Loving County, Texas

Loving County is a county in the U.S. state of Texas. With a population of 134 as of a 2017 estimate by the United States Census Bureau, Loving County is the second-least populous county in the United States after Kalawao County, Hawaii (which has a population of 88).[1] Loving County has no incorporated communities; its county seat and only community is Mentone.[2] The county was originally created in 1887 and, after being disorganized in 1897, was reorganized in 1931.[3]

Loving County
Location within the U.S. state of Texas

Texas's location within the U.S.
Coordinates: 31°50′N 103°34′W
Country United States
State Texas
Named forOliver Loving
Largest communityMentone
  Total677 sq mi (1,750 km2)
  Land669 sq mi (1,730 km2)
  Water7.8 sq mi (20 km2)  1.1%
  Density0.2/sq mi (0.08/km2)
Time zoneUTC−6 (Central)
  Summer (DST)UTC−5 (CDT)
Congressional district23rd


Prehistorically, the area had many springs with potable water that supported wildlife and nomadic hunters. Antonio de Espejo visited the area in 1583 and crossed the Pecos River. Having surveyed the area in 1854 for a railroad company, John Pope returned in 1855 to start a camp in northwestern Loving County and establish artesian wells in the area, but the venture was unsuccessful and was abandoned in 1861.

From 1837 to 1874, the area of modern Loving County was part of the Bexar land district. In 1874, it was separated from Bexar County, becoming a part of Tom Green County. It was separated from Tom Green County in 1887, but for judicial purposes, was left attached to Reeves County.[4] It is the newest organized county in Texas.

Loving County is named for Oliver Loving,[5] a cattle rancher and pioneer of the cattle drive, who along with Charles Goodnight, developed the Goodnight-Loving Trail. He was mortally wounded by members of the Comanche nation while on a cattle drive in 1867 in the vicinity of the county.

Loving is the only county in Texas to be incorporated twice, first in 1893 and again in 1931. Its initial organization was effected by a canal company founded in Denver, Colorado, and appears to have been based upon fraud and willful misrepresentations made by the founders to state officials.[6] After a local landowner hired a New York City firm to investigate alleged improprieties in county government, the company's organizers fled, taking with them all the county records. The state legislature subsequently disincorporated Loving in 1897, attaching it to Reeves County.

Oil was discovered in 1921, leading to a population increase in Loving County. By 1930, it had 195 residents, mostly living in what would become the town of Mentone, which became the county seat when Loving was reconstituted in 1931. By 1933, the population had peaked at 600, only to begin a steady decline that has continued until recently.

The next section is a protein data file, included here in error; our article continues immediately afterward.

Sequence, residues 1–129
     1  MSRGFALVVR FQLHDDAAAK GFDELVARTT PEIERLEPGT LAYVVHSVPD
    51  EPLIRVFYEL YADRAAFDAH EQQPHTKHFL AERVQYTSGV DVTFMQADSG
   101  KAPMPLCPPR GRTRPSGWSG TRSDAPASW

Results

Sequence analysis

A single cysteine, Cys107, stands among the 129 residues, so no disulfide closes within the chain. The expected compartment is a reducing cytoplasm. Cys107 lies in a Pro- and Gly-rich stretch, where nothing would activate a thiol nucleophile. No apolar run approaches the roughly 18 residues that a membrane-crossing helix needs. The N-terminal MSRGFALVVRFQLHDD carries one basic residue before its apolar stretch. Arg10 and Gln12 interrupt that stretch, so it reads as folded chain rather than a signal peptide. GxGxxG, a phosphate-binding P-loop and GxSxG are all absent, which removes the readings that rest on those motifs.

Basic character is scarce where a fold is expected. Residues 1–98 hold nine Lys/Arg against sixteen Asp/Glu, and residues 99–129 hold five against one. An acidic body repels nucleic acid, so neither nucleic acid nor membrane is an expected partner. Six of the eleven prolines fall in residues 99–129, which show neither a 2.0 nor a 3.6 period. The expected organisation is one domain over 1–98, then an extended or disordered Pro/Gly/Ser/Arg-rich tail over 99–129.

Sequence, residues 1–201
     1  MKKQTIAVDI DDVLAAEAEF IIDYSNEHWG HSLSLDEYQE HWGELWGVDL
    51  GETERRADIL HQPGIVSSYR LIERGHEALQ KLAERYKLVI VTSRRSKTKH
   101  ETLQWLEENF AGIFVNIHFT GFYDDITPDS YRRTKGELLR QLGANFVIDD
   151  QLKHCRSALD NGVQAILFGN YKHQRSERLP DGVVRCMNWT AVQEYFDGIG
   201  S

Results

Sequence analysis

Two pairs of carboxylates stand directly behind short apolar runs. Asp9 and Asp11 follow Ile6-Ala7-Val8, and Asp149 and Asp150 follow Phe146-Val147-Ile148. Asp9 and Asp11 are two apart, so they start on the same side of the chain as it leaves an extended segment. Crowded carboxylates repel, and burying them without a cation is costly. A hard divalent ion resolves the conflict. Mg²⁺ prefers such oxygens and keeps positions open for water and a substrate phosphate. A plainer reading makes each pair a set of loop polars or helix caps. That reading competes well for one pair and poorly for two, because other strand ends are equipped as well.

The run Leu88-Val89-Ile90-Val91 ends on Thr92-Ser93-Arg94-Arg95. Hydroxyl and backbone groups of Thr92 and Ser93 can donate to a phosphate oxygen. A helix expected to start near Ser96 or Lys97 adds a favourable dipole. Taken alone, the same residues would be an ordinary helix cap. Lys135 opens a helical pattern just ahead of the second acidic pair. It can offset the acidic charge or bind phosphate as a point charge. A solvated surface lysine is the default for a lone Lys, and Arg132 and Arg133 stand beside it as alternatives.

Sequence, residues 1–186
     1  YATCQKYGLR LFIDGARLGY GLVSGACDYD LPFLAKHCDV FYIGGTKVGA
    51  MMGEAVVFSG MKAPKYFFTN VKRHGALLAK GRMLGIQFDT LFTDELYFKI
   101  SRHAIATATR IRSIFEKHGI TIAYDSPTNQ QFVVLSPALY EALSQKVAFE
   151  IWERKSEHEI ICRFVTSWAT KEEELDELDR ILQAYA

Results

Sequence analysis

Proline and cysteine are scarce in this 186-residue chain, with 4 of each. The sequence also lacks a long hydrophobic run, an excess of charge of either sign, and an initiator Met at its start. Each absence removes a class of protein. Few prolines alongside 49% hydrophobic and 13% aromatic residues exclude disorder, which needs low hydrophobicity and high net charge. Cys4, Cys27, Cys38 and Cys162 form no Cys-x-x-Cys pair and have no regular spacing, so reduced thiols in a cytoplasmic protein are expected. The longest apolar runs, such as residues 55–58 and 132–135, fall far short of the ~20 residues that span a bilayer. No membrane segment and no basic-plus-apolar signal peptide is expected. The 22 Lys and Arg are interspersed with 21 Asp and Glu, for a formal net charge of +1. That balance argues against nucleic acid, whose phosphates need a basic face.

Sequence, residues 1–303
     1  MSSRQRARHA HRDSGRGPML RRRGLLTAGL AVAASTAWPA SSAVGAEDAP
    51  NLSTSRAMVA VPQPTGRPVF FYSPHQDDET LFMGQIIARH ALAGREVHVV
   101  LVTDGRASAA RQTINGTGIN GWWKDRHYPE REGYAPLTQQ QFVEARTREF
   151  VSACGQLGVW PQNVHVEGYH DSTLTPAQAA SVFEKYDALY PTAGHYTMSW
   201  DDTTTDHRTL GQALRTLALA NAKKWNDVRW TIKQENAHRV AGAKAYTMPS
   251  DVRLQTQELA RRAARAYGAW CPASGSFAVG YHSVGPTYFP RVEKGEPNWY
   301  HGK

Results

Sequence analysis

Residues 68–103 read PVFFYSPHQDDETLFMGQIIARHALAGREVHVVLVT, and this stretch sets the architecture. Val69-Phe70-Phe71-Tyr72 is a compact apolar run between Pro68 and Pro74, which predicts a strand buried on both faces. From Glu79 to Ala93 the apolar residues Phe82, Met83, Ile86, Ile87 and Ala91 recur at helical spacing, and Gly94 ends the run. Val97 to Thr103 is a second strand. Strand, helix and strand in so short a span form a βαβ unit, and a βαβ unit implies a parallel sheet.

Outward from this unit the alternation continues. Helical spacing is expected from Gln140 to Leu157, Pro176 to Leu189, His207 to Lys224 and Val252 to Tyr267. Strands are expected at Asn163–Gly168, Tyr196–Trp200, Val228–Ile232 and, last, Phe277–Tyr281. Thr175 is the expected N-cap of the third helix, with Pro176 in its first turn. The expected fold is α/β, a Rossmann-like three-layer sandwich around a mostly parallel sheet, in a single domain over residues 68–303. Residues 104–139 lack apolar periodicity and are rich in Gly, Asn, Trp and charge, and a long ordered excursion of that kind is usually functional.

Loving County was the home of the first elected female sheriff in Texas, Edna Reed Clayton Dewees. Dewees was appointed to the job in January 1945, then won an election to continue in the office through 1947. She never carried a firearm and reported only two arrests during her entire term. Later, she returned as a county district clerk, a job she held from 1965 to 1986. After retirement, she lived on a ranch near Mentone[7] until 22 January 2009, when she died in Del Rio.[8]


According to the U.S. Census Bureau, the county has a total area of 677 square miles (1,750 km2), of which 669 square miles (1,730 km2) are land and 7.8 square miles (20 km2) (1.1%) are covered by water.[9]

The Pecos River is the county's western boundary, forming the Red Bluff Reservoir along its northwestern border with Reeves County and Eddy County, New Mexico. The terrain of Loving County is described as flat desert, with a few low hills. Desert shrubs, range grass, and cacti abound, with salt cedars along the river. Elevations vary from 2,686 to 3,311 feet (819 to 1,009 m) above sea level.

Loving is the smallest county by area in the Permian Basin region.

Major highways

Adjacent counties


Historical population
Est. 2018152[10]85.4%
U.S. Decennial Census[11]
1850–2010[12] 2010–2014[13]

As of the census of 2000, 67 people, 31 households, and 19 families lived in the county. The population density was 0.2 people per square mile (0.08/km2). The 70 housing units averaged 0.1 per square mile (0.04/km2). Of the 67 residents, 60 identified as White, no person identified as Black, African American, Native American, Asian, or Pacific Islander. Six identified as "some other race", and one person identified as belonging to two or more races. In addition, seven people identified as being of Hispanic, Latino, or Spanish origin of any race. It is one of only a few counties in the U.S. outside of the Northeast where the largest self-identified ancestry group is Irish American.

There were 31 households out of which 5 had children under the age of 18 living with them, 17 were married couples living together, 2 had a female householder with no husband present, and 11 were non-families. Ten households were made up of individuals and 2 consisted of someone living alone who is 65 years of age or older. Average household size was 2.16, while the average family size was 2.65.